They came from California, and Texas, and Philly--with ideas that were all over the map. The critically acclaimed and the self-acclaimed, gathered together for three days of readin', writin', and regurgitatin'.
A hundred intrepid writers...and me...there of a morbid curiosity, determined not to listen to anything with too much conviction, lest I turn stupid again and self-conscious about my work.
A haven where, for a fee, the voiceless can have their manuscripts--and womanlyscripts--poked, prodded, and given a thorough physical by an expert word surgeon who then conducts an emergency operation--first to remove the guts, then to take out the heart, then to had it back to you and say, "You can sew it up now!" (A woman beside me is quietly sobbing over her treatise...which didn't pull through the operation.)
In a workshop exercise an author tells us to write a story--in ten minutes time--based on the fable of Cain and Abel. I want to kill him for that.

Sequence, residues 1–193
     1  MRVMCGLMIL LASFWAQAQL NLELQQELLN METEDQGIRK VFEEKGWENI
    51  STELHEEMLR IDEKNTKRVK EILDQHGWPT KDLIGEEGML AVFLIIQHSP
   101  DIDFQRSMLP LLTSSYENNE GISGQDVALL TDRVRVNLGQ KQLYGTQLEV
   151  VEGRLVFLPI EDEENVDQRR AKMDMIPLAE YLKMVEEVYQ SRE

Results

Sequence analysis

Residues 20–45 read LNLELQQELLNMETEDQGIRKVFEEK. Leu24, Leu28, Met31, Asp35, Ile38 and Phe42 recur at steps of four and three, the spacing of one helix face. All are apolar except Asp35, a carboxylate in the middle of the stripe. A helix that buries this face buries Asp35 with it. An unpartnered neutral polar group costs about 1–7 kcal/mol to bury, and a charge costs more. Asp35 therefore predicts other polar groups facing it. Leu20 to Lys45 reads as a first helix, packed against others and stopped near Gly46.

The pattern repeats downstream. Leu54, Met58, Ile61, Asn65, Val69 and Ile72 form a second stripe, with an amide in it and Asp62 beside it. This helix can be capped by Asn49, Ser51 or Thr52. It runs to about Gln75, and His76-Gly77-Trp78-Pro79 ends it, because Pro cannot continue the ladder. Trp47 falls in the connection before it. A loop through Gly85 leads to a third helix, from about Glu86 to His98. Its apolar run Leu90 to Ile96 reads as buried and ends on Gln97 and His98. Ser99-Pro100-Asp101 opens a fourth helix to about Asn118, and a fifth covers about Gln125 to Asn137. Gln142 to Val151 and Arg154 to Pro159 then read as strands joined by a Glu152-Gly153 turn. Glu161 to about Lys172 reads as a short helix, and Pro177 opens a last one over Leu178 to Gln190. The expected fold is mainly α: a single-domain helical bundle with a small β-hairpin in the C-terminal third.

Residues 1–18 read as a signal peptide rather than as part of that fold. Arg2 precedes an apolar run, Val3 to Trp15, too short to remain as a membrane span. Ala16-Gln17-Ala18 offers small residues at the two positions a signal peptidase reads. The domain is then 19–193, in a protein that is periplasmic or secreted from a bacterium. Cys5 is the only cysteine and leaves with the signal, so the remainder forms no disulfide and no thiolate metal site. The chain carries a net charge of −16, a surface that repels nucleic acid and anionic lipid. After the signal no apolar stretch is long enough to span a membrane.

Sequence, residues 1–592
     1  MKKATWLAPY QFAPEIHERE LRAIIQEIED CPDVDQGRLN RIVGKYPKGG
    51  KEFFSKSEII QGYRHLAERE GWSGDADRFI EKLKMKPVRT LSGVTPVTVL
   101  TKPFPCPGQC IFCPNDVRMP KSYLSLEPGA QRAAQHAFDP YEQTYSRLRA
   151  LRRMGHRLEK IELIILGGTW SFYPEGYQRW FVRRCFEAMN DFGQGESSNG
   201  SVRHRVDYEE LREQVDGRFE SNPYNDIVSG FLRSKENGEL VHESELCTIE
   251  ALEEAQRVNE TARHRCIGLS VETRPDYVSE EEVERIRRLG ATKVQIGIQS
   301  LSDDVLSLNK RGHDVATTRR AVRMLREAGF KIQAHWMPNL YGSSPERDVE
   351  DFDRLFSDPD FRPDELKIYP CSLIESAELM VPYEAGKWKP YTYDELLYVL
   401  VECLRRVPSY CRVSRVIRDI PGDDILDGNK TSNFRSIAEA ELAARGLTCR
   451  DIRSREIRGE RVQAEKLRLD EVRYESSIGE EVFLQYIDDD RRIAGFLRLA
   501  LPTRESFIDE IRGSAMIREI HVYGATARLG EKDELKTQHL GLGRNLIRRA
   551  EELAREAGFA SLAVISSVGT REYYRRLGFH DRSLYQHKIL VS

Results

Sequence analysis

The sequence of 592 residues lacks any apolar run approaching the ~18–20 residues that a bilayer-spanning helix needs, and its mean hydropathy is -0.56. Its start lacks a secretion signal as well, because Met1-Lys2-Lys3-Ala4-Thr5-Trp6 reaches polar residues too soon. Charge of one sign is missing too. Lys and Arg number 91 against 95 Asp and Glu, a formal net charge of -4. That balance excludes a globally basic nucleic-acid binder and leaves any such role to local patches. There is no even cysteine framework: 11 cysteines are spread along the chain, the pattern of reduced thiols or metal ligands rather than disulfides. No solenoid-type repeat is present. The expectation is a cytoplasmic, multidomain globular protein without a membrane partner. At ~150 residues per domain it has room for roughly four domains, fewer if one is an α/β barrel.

So instead, I write some drivel about a slob named Frankie, who walks into the G-Spot Diner--a greasy spoon saloon--plops down on his favorite stool, hails the waitress, opens his mouth to speak and-
"TIMES UP," shouts the lecturer. "Now, who wants to read their story?"
The guest poet--who is from the School of Endless Tinkering--declares that the trouble with Ginsberg was that he didn't rewrite. If the guy had thought of it, he might have taken a few whacks at Kerouac as well.
But the best counsel came from the senior sage in attendance--who, in her ageless wisdom, solemnly addressed the assemblage after the lunch break and said, "Don't go back to the cafeteria...you can't even VOMIT that stuff up!"
As I left, I recalled Bukowski's advice to aspiring writers: Drink...f#ck...and smoke lots of cigarettes.
Wow...and he didn't even charge for that.